Myles Manley: Cometh the Softies review – An end-of-year album for all seasons
Cometh the Softies
Dublin-based Sligo songwriter Myles Manley has been roaming along the fringes for more than 10 years, initially in New York, where he involved himself in that city’s always interesting but occasionally self-congratulatory anti-folk music scene. On return to Dublin, he released three EPs, eventually gathering their songs on to his 2013 debut album, Greatest Hits 2012-2013.
Self-effacing tongue-in-cheek status duly established, Manley has continued to ply his craft, fusing the creative influences he soaked up during his stint in NYC (Jonathan Richman, David Byrne) with levels of lyrical sharpness and keen observations that come from having a clear sense of identity.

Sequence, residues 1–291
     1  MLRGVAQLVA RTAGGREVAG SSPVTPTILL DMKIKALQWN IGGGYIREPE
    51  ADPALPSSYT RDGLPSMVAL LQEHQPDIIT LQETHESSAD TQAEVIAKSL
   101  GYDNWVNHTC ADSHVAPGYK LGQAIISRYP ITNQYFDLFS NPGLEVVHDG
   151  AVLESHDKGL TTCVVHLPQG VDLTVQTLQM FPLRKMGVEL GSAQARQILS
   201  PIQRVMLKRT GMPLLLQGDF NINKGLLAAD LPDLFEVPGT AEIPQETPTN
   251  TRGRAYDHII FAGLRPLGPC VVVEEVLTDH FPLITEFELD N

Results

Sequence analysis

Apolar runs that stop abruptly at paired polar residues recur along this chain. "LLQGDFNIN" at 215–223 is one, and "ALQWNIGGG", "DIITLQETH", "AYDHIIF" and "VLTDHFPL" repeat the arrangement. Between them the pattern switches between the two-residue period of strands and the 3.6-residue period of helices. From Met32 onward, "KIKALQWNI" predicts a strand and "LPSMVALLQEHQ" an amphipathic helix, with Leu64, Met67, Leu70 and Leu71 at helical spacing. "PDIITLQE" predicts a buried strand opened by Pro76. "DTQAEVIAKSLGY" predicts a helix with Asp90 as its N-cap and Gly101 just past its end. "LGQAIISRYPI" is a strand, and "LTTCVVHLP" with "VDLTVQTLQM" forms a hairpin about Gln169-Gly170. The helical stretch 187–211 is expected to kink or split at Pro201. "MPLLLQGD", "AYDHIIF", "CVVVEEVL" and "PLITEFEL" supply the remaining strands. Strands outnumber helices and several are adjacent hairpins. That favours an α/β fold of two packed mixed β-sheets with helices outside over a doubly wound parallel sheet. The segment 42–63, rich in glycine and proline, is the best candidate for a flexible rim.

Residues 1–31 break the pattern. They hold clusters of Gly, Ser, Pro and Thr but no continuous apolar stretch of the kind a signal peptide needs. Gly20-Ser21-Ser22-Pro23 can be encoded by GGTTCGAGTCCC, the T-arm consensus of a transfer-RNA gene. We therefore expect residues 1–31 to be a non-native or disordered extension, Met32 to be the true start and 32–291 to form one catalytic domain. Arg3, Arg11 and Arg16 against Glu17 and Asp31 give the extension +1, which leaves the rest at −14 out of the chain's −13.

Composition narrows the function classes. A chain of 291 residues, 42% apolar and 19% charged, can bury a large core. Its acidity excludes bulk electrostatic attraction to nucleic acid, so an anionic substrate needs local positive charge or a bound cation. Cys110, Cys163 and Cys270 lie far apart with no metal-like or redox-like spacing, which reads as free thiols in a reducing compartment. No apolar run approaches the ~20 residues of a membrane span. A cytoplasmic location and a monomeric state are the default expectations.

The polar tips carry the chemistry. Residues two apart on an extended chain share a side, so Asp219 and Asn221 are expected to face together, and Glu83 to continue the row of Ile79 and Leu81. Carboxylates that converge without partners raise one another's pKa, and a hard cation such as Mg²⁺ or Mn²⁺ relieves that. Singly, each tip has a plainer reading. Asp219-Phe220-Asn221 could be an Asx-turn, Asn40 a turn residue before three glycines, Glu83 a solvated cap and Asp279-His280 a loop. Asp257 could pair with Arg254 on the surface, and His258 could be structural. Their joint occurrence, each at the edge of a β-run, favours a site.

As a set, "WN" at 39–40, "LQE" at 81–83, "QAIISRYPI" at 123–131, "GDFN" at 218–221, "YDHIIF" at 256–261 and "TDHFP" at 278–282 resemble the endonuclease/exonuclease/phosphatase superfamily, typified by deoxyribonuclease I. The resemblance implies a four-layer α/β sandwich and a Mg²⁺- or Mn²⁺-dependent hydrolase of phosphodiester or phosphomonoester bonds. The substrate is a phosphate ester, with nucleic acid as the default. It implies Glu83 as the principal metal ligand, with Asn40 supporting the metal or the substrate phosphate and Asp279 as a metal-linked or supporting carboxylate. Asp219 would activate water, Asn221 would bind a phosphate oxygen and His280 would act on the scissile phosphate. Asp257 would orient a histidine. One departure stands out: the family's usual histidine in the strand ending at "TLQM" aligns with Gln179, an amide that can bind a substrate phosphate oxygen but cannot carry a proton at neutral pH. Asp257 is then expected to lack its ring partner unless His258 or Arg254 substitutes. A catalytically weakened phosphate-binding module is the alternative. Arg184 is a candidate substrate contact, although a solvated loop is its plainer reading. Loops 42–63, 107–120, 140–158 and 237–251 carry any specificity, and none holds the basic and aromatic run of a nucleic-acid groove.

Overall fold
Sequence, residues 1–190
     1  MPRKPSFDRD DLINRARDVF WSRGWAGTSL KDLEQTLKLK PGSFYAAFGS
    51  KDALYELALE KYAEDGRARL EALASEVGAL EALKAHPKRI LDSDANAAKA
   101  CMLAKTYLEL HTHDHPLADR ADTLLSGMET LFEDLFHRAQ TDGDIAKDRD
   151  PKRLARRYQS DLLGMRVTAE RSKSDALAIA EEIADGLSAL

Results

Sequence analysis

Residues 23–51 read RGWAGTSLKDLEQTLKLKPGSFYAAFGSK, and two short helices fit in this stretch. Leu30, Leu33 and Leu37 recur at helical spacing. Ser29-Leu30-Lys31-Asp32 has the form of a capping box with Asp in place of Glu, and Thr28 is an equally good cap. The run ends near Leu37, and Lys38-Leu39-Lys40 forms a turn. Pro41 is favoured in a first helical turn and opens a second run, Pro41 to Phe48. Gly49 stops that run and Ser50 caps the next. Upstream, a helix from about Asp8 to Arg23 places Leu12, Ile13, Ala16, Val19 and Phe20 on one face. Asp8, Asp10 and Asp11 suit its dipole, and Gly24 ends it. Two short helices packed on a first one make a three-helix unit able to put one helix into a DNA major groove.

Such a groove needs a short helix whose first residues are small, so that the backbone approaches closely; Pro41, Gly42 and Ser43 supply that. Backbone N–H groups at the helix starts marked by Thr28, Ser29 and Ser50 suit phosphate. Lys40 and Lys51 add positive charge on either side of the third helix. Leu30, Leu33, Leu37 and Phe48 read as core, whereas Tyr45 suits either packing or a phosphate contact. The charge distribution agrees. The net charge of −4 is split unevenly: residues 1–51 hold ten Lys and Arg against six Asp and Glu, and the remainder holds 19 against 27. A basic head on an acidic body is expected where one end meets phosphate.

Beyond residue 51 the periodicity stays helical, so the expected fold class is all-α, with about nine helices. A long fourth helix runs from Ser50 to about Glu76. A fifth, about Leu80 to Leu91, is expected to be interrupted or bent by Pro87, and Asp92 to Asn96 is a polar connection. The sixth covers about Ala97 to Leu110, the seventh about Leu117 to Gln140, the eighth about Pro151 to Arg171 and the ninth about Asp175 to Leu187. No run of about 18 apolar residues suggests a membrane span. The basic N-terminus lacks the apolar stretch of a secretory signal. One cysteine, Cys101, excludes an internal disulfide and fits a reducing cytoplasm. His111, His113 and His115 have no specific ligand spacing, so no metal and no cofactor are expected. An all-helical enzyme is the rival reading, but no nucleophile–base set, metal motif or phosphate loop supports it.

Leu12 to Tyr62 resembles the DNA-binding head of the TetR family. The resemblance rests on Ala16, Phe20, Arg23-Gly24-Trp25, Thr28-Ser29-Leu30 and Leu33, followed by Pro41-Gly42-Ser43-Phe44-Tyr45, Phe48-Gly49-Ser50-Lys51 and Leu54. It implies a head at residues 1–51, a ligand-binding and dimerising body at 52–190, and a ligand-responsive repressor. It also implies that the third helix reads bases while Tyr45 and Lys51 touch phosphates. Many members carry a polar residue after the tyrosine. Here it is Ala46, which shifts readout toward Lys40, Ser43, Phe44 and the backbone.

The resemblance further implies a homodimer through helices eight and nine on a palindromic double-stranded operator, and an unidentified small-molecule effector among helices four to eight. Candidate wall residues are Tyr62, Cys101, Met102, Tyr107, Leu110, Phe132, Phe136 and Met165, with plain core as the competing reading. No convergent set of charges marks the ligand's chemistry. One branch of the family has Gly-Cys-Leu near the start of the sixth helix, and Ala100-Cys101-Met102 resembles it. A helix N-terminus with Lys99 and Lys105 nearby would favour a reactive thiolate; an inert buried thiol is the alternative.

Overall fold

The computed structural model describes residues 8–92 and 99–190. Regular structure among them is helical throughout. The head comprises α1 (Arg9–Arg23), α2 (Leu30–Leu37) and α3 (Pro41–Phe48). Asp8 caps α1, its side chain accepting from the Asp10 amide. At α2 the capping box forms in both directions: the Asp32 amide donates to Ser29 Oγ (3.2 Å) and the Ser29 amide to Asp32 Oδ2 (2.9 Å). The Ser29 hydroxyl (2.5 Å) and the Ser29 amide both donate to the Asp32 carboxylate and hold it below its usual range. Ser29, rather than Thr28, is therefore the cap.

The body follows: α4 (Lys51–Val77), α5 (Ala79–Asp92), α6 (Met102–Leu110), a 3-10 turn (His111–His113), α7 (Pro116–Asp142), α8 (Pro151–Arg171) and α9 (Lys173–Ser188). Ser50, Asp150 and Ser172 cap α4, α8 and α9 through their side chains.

“A pleasingly discordant cross of acerbic gloom and Whitmanian jubilance” is how the album’s press release describes Manley’s work and it is that, but Cometh the Softies is more than a sharp tongue and bipolarity of emotions.
The narratives throughout are galvanising, despite the tiresome preference for whimsical song titles (take your pick from Relax; Enjoy Your Night Upon the Town, Were We Under Attack from England?, and I Heard Your Mum Call, Michael) that epitomise the aren’t-we-clever tropes of the not-quite-outsider songwriter.
Highlighting topics such as gender, individualism, acceptance and disrespect, Manley is adept at laying bare evident inequities.
Factor in the buoyant rumpus of the music and you have an end-of-year album for all seasons.